Lastly, the suggested tax bill prohibits anyone from writing off Health Savings Accounts on their returns. This is intriguing because it directly conflicts with the Republicans’ supposed desire to repeal Obamacare. Rather than encouraging people to put money into one of the better alternatives to government-subsidized healthcare, the Republican plan actually disincentivizes spending on private healthcare.
By proposing a reform package that eliminates necessary deductions for millions of middle-income and lower-income families, the Republicans, whether through sheer incompetence or willful intent, are causing Americans to pay more in spite of lower rates. If this bill is what is required to show that Republicans can govern, as some normally-conservative mouthpieces have argued, then it is perhaps time for voters to consider whether or not the cost is too high.
This violation of trust on behalf of Republicans toward their base should not be taken to mean they are cozying up to the rich at everyone else’s expense. In fact, the proposed plan actually raises taxes on the rich by leaving the door open to a new additional rate of up to 46 percent (an increase from the current max rate of 39.6 percent) for individuals making upwards of $1 million and couples making upwards of $1.2 million. These top earners include not only the Warren Buffets and Hollywood elites of the world, but also a large number of American small business owners, whose enterprises provide collectively more than half of our country’s jobs.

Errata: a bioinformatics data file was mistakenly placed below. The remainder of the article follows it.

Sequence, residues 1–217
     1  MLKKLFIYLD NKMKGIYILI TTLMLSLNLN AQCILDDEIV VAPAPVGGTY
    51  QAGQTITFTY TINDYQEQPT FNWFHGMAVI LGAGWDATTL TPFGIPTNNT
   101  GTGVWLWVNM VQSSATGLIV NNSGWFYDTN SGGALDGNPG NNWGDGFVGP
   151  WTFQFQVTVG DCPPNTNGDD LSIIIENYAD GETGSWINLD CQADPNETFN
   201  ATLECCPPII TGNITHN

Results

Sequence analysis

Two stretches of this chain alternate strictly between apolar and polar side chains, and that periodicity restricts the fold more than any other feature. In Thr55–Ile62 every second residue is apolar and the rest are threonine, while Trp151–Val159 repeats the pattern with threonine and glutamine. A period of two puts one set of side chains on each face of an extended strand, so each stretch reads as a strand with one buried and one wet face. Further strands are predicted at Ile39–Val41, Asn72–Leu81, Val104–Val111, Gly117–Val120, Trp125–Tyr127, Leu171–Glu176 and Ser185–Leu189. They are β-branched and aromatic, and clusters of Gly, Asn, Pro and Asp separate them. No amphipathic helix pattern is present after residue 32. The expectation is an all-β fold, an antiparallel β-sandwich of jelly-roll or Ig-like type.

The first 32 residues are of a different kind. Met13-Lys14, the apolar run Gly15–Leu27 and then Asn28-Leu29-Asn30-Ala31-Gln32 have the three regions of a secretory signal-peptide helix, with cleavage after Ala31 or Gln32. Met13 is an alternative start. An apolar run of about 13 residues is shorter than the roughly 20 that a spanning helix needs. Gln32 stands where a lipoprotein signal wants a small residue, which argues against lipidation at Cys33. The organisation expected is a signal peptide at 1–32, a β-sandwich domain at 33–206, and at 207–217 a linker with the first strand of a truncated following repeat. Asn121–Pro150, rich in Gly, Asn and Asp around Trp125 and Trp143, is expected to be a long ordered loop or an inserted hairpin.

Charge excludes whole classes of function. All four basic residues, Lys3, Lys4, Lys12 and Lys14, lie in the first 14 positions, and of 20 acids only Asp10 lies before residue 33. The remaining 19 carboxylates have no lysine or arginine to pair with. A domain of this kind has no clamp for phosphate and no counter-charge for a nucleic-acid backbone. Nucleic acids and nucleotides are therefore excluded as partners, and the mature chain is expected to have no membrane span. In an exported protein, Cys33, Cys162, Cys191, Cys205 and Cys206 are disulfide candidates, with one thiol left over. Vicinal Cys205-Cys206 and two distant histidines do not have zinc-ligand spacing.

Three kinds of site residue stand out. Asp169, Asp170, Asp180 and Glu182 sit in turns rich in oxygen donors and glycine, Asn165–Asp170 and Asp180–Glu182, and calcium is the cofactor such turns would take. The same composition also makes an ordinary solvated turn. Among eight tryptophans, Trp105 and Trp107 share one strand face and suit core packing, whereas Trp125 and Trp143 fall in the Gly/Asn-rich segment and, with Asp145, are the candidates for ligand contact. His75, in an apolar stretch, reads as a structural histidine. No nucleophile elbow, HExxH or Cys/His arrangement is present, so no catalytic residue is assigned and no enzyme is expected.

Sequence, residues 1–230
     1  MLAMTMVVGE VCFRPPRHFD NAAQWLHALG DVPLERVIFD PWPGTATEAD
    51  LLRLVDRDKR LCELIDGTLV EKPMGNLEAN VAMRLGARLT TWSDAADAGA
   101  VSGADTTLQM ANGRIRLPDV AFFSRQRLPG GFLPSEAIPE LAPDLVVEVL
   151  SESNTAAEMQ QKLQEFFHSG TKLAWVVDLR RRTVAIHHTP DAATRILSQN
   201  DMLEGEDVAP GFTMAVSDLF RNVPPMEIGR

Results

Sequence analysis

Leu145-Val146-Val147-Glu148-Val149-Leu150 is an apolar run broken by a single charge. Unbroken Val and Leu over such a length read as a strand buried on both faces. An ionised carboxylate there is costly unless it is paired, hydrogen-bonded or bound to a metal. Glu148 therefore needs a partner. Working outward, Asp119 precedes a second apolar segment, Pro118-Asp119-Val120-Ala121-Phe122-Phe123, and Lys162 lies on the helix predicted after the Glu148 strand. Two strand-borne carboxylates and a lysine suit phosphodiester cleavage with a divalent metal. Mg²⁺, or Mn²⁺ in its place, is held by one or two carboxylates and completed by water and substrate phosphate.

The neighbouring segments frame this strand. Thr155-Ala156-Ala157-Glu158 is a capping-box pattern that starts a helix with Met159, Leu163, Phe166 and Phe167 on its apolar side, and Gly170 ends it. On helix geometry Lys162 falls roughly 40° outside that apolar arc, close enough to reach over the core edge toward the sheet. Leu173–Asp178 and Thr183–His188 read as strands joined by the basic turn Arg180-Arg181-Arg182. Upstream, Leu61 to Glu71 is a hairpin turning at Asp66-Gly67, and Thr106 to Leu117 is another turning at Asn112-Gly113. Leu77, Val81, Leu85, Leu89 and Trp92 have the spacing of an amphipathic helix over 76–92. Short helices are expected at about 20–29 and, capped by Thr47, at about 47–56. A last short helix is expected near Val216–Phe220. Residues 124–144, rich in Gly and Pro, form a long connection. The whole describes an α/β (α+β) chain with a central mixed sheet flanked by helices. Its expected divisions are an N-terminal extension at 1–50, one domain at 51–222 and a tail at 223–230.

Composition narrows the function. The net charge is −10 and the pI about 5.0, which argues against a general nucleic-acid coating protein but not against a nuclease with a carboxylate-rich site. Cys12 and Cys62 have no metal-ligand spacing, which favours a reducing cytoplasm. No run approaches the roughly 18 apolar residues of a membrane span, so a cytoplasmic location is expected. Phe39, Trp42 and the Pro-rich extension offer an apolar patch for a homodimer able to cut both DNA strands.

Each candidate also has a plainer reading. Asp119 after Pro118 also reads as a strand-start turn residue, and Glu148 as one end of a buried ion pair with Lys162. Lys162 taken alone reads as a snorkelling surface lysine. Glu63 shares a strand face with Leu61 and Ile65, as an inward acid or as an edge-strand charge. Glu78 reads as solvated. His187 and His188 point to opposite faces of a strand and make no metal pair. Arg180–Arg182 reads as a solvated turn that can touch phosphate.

In addition, this rate does not include state income tax, meaning that small business owners in states like California or New York could be paying well over 50 percent of their income to state and federal governments. Rather than cutting taxes across the board for everyone to drive growth — as happened during the Reagan years — Republicans intend to raise taxes on the richest Americans, which is both harmful to the economy and inconsistent with the party’s declared opposition toward “tax policies that deliberately divide Americans or promote class warfare” in the 2016 GOP platform.
While there are good elements to the tax plan — most notably the slashed corporate tax rate — there is no excuse for the Republican-controlled legislature and executive branch to not separately pass the good parts. The reason all of this is being bundled together into a behemoth-sized piece of legislation is because Republicans want to hide from the American people their refusal to reduce the size of government.
This is not tax reform; it is giving with one hand and taking with another. Republicans want to clean up the tax code around the edges rather than fundamentally change the way it operates.
By cutting the corporate income tax in an attempt to return American businesses to our shores and jump-start the economy, Republicans simultaneously have taken no substantive action to address bloated government spending and the massive debt. This is not going to work. If the President and the Republican establishment in Congress really want to have the “biggest tax cuts in American history,” they need to quit with the smoke and mirrors.
Joshua Waechter is a sophomore studying history.